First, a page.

Su Song

Su Song

Su Song

Birth : 1020 nearQuanzhoucity

Death : 1101 (aged 80–81)

Personal Information

Name Su Song
Birth 1020 nearQuanzhoucity
Birth Place nearQuanzhoucity
Death (aged 80–81)
Died At

Word Cloud

Events Occured in Scienctist Life


Su Song's treatise about the clock tower, Xinyi Xiangfayao (新儀象法要), has survived since its written form in 1092 and official printed publication in 1094.


After serving in the Ministry of Personnel, he became a Minister of Justice in 1086.


He was appointed as a distinguished editor for the Academy of Scholarly Worthies, where in 1063 he edited, redacted, commented on, and added a preface for the classic work Huainanzi of the Han Dynasty (202 BC–220 AD).


In 1077, he was dispatched on a diplomatic mission to the Liao Dynasty of the Khitan people to the north, sharing ideas about calendrical science, as the Liao state had created its own calendar in 994 AD.


In 1081, the court instructed Su Song to compile into a book the diplomatic history of Song-Liao relations, an elaborate task that, once complete, filled 200 volumes.


In 1070, Su Song and a team of scholars compiled and edited the Bencao Tujing ('Illustrated Pharmacopoeia', original source material from 1058–1061), which was a groundbreaking treatise on pharmaceutical botany, zoology, and mineralogy.


Su Song's greatest project was the 40-foot-tall water-powered astronomical clock tower constructed in Kaifeng, the wooden pilot model completed in 1088, the bronze components cast by 1090, while the wholly finished work was completed by 1094 during the reign of Emperor Zhezong of Song.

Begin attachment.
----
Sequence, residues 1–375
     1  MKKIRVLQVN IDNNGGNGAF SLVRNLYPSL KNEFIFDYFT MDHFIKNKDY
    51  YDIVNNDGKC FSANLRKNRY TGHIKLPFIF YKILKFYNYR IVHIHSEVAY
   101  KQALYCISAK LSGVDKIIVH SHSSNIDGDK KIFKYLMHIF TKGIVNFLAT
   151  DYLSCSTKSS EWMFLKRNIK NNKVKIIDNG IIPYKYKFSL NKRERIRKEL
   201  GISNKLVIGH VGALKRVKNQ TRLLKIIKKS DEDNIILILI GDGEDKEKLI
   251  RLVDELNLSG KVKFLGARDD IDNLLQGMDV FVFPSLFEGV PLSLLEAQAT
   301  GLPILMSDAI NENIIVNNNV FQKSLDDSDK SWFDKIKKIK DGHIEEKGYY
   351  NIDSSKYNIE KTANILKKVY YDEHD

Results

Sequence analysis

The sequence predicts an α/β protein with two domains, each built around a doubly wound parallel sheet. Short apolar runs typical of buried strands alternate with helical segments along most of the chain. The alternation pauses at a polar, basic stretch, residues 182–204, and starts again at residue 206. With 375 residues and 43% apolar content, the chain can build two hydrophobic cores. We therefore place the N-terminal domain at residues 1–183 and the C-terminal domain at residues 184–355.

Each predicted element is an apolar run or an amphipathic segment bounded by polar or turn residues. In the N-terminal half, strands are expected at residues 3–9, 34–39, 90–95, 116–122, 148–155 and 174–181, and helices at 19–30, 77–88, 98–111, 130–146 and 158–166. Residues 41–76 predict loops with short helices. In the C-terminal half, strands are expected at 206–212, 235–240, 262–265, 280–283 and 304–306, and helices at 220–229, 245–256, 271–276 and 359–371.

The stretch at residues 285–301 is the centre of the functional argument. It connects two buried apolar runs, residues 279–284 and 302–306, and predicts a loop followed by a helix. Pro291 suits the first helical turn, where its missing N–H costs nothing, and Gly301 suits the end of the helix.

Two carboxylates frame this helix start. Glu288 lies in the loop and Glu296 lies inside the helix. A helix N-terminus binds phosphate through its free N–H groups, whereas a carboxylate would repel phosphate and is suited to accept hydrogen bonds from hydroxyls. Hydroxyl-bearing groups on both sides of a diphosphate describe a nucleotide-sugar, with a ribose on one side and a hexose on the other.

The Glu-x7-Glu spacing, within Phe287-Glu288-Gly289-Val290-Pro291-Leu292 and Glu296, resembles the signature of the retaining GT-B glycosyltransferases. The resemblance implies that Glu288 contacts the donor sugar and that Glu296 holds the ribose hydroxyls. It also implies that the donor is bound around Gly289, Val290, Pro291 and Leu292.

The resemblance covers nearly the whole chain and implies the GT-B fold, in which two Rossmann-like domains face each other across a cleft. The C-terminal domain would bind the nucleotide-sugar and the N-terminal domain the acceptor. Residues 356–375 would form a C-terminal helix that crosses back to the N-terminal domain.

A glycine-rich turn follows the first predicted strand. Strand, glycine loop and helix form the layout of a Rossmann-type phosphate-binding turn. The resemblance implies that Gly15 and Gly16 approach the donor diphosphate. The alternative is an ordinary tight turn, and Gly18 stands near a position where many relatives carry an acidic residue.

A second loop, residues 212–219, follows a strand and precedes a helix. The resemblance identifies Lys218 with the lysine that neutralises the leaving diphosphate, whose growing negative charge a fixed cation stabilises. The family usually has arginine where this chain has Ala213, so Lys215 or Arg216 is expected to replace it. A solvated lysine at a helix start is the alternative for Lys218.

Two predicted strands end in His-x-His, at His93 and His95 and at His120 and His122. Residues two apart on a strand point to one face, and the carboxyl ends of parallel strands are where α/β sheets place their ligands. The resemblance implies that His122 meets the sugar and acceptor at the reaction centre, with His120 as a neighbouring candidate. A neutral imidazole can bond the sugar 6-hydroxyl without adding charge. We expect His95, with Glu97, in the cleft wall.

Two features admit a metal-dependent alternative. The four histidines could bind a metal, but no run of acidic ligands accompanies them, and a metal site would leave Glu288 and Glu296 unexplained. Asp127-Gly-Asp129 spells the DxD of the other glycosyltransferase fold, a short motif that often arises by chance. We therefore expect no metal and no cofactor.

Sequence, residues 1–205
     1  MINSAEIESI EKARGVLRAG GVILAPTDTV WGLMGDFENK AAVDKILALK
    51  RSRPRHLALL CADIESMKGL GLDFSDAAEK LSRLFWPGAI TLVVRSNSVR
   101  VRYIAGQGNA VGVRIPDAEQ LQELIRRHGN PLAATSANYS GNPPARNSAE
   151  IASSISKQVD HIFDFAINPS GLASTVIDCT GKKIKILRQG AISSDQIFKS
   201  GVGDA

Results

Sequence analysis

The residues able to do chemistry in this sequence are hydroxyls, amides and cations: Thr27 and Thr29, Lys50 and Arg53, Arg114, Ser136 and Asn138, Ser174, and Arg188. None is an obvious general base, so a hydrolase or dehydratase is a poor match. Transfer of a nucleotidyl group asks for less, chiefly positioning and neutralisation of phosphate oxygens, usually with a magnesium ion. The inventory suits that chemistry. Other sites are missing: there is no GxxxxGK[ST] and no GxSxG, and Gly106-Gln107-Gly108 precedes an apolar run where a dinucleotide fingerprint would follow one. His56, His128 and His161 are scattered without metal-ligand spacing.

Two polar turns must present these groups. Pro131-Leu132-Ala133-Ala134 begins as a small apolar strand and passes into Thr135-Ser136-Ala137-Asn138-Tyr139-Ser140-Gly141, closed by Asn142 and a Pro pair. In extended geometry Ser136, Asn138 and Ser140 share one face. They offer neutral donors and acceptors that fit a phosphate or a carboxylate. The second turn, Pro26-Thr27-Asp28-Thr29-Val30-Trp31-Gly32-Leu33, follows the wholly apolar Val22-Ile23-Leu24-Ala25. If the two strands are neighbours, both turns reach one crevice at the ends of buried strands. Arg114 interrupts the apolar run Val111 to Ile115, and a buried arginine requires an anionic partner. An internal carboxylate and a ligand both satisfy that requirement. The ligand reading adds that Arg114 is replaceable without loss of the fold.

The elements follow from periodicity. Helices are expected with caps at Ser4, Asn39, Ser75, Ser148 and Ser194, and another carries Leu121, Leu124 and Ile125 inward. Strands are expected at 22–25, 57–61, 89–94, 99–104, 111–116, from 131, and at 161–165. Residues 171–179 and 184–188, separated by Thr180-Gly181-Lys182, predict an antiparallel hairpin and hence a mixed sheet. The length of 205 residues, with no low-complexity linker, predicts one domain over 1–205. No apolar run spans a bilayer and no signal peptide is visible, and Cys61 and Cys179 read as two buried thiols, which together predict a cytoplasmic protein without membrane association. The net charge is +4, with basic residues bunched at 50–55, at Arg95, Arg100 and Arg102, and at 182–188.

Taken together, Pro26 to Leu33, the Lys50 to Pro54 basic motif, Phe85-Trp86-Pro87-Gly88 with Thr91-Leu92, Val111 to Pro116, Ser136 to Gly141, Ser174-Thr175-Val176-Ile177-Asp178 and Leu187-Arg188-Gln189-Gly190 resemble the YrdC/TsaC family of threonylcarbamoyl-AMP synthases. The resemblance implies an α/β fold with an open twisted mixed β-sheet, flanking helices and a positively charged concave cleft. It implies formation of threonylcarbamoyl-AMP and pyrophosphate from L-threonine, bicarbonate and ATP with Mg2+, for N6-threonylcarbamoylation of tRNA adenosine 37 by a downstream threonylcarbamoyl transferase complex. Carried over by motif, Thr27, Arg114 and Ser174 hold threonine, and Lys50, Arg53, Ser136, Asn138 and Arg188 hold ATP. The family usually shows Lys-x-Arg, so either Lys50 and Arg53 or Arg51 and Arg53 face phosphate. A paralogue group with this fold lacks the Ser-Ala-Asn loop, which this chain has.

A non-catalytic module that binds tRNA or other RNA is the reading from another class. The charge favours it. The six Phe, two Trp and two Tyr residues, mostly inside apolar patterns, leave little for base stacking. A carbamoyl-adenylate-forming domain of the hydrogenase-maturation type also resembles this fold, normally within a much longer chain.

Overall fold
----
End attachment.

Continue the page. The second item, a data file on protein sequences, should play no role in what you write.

The emperor ordered in 1086 for Su to reconstruct the hun yi, or "armillary clock", for a new clock tower in the capital city.


Years after Su's death, the capital city of Kaifeng was besieged and captured in 1127 by the Jurchens of the Manchuria-based Jin Dynasty during the Jin–Song wars.


When Su Song's Xinyi Xiangfayao was written in 1092 and the horological monograph finalized and presented in 1094, his work was published and widely printed in the north (see woodblock printing and movable type of Bi Sheng).


In 1956, John Christiansen reconstructed a model of Su Song's clocktower in a famous drawing, which garnered attention in the West towards 11th-century Chinese engineering.


In China, the clocktower was reconstructed to one-fifth its actual scale by Wang Zhenduo, who worked for the Chinese Historical Museum in Beijing in the 1950s.